Health Effects of Belladonna


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Belladonna is a medicinal plant. Said to offer sedative effects, belladonna is touted as a natural remedy for asthma, colds, allergies, motion sickness, sciatica, hemorrhoids, and pain. Despite these claims, however, there is little scientific support for the health effects of belladonna. What's more, belladonna contains chemicals that are known to be toxic to human health.


According to the National Institutes of Health (NIH), there is not enough scientific evidence to rate the effectiveness of belladonna for any health condition. Due to the toxicity of the herb, the available research on belladonna involves studies on highly diluted homeopathic preparations of belladonna. For example, a 2001 study from the Journal of Psychosomatic Research, which included 118 healthy volunteers. For the study, participants took both placebo and homeopathic belladonna in a random sequence for eight weeks. Among the 87 people who completed the study, researchers found no difference in the health effects of the two treatments.

Preliminary research from laboratory experiments indicates that belladonna may offer some health benefits. In a 2004 study from the journal Homeopathy, for instance, scientists discovered that belladonna may help reduce inflammation associated with peritonitis (a condition marked by irritation of the tissue lining the inner wall of the abdomen). A 2009 study from the journal Wound Repair and Regeneration, meanwhile, found that belladonna promoted wound healing in rats.

Is Belladonna Safe?

Taking belladonna orally is unsafe, according to the NIH. Possible side effects include dry mouth, blurred vision, fever, fast heartbeat, inability to urinate or sweat, hallucinations, spasms, mental problems, convulsions, and coma. In addition, belladonna may produce serious complications when taken by pregnant women and people with certain health conditions (including congestive heart failure, constipation, glaucoma, and ulcerative colitis).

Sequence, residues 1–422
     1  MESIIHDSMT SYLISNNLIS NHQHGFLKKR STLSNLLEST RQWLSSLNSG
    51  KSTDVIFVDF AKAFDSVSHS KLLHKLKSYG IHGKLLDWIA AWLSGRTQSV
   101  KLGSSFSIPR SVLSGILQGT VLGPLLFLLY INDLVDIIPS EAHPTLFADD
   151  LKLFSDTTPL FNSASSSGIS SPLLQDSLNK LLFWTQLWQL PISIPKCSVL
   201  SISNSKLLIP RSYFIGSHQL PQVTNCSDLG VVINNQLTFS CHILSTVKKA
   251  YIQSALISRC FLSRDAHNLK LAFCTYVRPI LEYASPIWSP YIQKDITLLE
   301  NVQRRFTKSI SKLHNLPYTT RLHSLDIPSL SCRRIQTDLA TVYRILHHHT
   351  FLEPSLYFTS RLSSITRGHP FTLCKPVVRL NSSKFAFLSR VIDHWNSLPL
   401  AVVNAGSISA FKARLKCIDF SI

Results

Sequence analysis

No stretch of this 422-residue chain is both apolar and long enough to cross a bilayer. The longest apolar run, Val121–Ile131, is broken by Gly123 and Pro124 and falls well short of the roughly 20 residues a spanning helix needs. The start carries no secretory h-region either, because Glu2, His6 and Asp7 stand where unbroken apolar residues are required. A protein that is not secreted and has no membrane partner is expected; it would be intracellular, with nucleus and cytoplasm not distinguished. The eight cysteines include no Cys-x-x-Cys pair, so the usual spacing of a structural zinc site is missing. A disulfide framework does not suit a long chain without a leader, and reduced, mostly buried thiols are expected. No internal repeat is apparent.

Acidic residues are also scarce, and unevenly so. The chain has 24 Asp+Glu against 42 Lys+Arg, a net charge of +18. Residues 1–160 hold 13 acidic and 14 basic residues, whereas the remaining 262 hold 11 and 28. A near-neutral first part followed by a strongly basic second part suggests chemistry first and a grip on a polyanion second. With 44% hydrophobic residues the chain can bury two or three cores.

Belladonna is a toxic herb, but it is available in highly diluted homeopathic doses in health food stores and online.

Keep in mind that supplements haven't been tested for safety and due to the fact that dietary supplements are largely unregulated, the content of some products may differ from what is specified on the product label. Also keep in mind that the safety of supplements in pregnant women, nursing mothers, children, and those with medical conditions or who are taking medications has not been established. You can get tips on using supplements.

Health Purposes

Given the safety concerns and lack of scientific support for its use, herbal preparations of belladonna cannot be recommended for any health condition.

If you're considering the use of herbal supplements, talk with your physician first. It's important to note that self-treating a condition and avoiding or delaying standard care may have serious consequences.

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Article Sources

  • Gál P, Toporcer T, Grendel T, Vidová Z, Smetana K Jr, Dvoránková B, Gál T, Mozes S, Lenhardt L, Longauer F, Sabol M, Sabo J, Backor M. "Effect of Atropa belladonna L. on skin wound healing: biomechanical and histological study in rats and in vitro study in keratinocytes, 3T3 fibroblasts, and human umbilical vein endothelial cells." Wound Repair Regen. 2009 May-Jun;17(3):378-86.
  • National Institutes of Health. "Belladonna: MedlinePlus Supplements". January 2011.
  • Pedalino CM, Perazzo FF, Carvalho JC, Martinho KS, Massoco Cde O, Bonamin LV. "Effect of Atropa belladonna and Echinacea angustifolia in homeopathic dilution on experimental peritonitis." Homeopathy. 2004 Oct;93(4):193-8.
  • Walach H, Köster H, Hennig T, Haag G. "The effects of homeopathic belladonna 30CH in healthy volunteers -- a randomized, double-blind experiment." J Psychosom Res. 2001 Mar;50(3):155-60.